Tuesday, November 18, 2008
Creativity Gone Sour: Motrin, Mothers, and Twitter
Over the weekend I was monitoring Twitter friends and was surprised to discover a bit of a dust up with regard to the Motrin brand. Motrin, it appears, had put up an ad suggesting that mothers who wear those slings to carry their babies are slaves to fashion, and that it hurts their backs. Depending on how you interpret the ad it can also be perceived as calling mothers “tired and crazy”. It also subtly suggests that the sling is not really as much of a bonding experience as it’s purported to be. One would guess the original intention of the ad would be to suggest that Motrin is the answer to all the neck, back, and shoulder pain a mom would would get from using a sling. It was also intended to be a “viral video”. It was! And it was Not Good! A virtual firestorm of negative reaction went aflame on the web.
Motrin, to put it mildly, has really stepped in it (McNeil Consumer Healthcare owns the Motrin brand, McNeil is a division of Johnson & Johnson). Rumor has it that Amy Gates (aka “@crunchygoddess on Twitter) learned about it on Facebook, who told Jessica Gottleib (aka JessicaGottlieb) who took it to Twitter and tweeted — to a huge community of mothers, bloggers, and knucklehead social observers like myself. Then Katja Presnal (aka @KatjaPresnal) created a response video for YouTube. 20 hours later the Motrin brand website is offline…
From a creativity and innovation perspective there are two points about this event I’d like to make.
1. Creativity isn’t useful or innovative unless it solves a problem. Creativity in a vacuum by some ad executive — who think they know the market — can be worse than useless, it can be damaging. We’ve all seen some visually interesting ads and at the end of it said, that was cool — what brand was it? The Motrin ad goes a step further, it’s creative thinking that actually harms a brand. One of the rules of structured creative problem solving is that you really understand the problem. Clearly, those who developed this ad don’t understand the role of slings, and the emotional connection mothers have to them. Now, it may be that slings do indeed cause some pain. Good research might have uncovered this insight. However, that insight alone, even if true, is not quite enough. In good creative problem solving you would not only understand the basic problem, you’d make sure that whatever you create as a solution works for the problem owner, the target in marketing terms. Mom’s clearly were offended by the ad’s tone, assumptions, and suggestions. Motrin aimed for empathy and simply missed the target. With web technologies, like Twitter and other tools, lack of funding is no excuse for not market testing. It’s incredibly easy to show a spot to a panel via the web. Why they didn’t do this is a mystery (or if they did how they missed the negative response). Traditional focus groups would have worked for this testing — if properly designed. I don’t agree with Peter Shankman, a social media guru, on this (his post on this event is otherwise brilliant IMHO). A series of focus groups might have “iterated” the spot and found language that was truly empathetic (or not, the concept may have been unsalvagable). What Peter and I can agree on is web tools like Twitter would have quickly given creators much needed consumer feedback on their ad concept. There is something to be said for the wisdom of crowds in the social media universe.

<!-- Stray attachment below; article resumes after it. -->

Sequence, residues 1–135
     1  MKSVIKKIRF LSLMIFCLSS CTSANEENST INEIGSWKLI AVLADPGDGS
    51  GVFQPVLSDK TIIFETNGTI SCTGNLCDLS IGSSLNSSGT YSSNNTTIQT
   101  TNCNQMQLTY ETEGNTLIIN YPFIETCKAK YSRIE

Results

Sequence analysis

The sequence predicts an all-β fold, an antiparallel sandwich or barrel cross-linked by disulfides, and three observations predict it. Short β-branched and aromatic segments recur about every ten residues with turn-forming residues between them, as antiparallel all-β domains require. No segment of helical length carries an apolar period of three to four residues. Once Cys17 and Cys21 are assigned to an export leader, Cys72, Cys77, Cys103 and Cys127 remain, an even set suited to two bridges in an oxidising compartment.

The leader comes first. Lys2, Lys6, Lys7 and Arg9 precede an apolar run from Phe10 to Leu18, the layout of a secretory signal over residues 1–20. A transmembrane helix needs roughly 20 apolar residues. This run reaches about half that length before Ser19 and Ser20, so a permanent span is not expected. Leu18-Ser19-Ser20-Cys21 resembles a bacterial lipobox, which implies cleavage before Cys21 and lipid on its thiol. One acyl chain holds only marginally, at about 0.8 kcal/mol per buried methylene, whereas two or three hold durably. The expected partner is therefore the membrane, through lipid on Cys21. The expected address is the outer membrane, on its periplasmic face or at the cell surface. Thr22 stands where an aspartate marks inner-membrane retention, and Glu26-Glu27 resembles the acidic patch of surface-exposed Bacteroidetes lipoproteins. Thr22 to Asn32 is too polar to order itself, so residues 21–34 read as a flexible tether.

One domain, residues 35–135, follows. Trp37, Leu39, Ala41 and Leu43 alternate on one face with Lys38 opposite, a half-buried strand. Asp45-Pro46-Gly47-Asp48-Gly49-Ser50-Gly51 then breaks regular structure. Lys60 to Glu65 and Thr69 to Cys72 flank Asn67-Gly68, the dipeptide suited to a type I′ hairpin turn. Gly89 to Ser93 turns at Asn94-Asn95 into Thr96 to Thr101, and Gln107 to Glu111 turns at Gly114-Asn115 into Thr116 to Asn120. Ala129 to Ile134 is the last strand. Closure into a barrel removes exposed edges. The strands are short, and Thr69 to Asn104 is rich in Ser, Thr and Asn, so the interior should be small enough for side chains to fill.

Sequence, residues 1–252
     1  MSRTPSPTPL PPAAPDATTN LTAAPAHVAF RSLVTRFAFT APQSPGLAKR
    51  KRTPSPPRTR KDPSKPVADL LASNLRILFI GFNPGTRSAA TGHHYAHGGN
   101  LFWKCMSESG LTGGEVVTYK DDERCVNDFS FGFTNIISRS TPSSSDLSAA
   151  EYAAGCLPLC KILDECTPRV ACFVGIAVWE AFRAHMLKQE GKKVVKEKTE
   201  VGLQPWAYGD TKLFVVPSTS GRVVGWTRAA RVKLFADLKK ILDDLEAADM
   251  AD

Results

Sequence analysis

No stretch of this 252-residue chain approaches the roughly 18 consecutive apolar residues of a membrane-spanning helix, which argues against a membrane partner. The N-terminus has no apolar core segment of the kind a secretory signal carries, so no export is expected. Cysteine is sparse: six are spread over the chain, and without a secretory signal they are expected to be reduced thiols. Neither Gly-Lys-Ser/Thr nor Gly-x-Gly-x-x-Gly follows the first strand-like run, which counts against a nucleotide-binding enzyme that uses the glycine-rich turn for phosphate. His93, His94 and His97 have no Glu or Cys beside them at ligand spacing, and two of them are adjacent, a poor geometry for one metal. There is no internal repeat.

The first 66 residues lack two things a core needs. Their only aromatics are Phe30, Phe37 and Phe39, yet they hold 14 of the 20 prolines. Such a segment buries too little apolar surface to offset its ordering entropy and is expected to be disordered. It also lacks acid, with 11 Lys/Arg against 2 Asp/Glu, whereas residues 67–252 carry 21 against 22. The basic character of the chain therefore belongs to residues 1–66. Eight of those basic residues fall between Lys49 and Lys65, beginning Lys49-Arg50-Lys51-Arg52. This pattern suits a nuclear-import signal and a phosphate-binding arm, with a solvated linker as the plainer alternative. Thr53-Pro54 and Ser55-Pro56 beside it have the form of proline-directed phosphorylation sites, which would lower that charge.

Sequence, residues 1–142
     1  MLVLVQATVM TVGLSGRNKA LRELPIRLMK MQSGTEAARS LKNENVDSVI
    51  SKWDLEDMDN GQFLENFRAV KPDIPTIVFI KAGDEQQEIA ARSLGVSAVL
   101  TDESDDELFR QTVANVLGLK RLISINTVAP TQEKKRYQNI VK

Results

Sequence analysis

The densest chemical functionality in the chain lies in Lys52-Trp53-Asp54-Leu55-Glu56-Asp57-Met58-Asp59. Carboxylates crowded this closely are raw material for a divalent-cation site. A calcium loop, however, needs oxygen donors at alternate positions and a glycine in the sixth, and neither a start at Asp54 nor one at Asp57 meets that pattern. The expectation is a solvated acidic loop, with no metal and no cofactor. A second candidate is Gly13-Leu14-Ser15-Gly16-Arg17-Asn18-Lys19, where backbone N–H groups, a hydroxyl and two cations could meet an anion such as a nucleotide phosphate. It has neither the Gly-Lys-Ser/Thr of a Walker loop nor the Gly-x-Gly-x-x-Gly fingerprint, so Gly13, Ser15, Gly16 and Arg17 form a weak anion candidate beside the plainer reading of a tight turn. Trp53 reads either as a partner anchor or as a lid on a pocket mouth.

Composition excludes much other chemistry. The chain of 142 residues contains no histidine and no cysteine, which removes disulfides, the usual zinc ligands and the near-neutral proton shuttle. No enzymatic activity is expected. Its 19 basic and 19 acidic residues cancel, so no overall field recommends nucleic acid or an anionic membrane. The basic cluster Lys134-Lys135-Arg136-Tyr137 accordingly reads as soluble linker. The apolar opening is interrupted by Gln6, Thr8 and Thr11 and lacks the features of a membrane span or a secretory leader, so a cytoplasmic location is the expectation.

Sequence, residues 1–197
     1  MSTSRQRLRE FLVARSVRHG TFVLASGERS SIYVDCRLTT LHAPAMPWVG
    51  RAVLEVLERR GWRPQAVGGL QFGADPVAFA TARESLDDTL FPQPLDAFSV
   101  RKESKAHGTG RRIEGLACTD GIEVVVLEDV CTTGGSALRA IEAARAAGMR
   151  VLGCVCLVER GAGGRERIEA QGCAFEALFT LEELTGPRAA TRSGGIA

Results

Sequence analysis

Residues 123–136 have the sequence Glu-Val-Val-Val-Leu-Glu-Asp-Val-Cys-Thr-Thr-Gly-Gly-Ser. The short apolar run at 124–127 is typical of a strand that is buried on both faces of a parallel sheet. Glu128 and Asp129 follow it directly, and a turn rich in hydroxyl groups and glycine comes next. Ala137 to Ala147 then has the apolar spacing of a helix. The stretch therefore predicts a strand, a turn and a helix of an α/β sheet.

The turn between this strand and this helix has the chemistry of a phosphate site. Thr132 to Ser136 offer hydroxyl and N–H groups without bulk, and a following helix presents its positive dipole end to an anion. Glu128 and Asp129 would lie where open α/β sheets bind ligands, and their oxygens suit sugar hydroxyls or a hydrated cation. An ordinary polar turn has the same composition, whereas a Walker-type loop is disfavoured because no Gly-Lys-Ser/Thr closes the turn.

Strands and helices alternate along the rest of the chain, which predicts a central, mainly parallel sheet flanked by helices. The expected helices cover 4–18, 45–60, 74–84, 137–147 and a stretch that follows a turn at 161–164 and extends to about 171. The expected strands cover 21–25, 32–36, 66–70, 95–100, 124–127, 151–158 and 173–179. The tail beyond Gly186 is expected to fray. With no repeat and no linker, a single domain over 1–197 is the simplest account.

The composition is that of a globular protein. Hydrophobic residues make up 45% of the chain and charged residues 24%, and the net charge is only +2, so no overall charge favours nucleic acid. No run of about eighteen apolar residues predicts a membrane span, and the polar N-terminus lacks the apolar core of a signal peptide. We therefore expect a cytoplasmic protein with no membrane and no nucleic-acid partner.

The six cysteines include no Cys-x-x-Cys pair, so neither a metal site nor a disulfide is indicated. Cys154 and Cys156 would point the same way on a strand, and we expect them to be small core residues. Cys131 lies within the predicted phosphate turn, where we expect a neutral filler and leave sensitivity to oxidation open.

2. Social Media are Power Tools for creative and innovative self expression. Social Media is coming of age in a fast and furious way. They are powerful and can work for you, or against you. Yes, this might seem obvious, but I believe there is a vast universe of people who are missing the social media boat. I’m personally a Greggey-come-lately to social media. I’ve been on Facebook, Plaxo, and Linked-In for sometime but for the most part have found them to be a waste of time. Don the Idea Guy got me involved with Twitter and I thought, at first, it was completely silly — who would care to know “what I’m doing right now”? Why “micro blog” when you can macro blog or email? I didn’t get it, but am beginning to see the light. The lightning speed at which an organized response to the Motrin ad was put together was amazing, and it can be directly attributed to Twitter. An alert was messaged “tweeted” out and before one could blink there was a video on YouTube with all the outraged responses (nicely done and oh-so-timely by Katja Presnal). Last night it was still possible to see the original ad on the Motrin site, today I can only find it on YouTube. In fact the Motrin brand web page itself has been taken down, I suspect, for re-tooling in light of this marketing fiasco. From ad release to brand web site shutdown — less than 20 hours. Lesson here: be careful with power tools!
It will be interesting to see how Motrin responds to this. How they respond will be make or break for the brand. For more on this story see Fast Company’s take.
For more very short snippets of creativity and innovation news and views, follow me on Twitter: www.twitter.com/greggfraley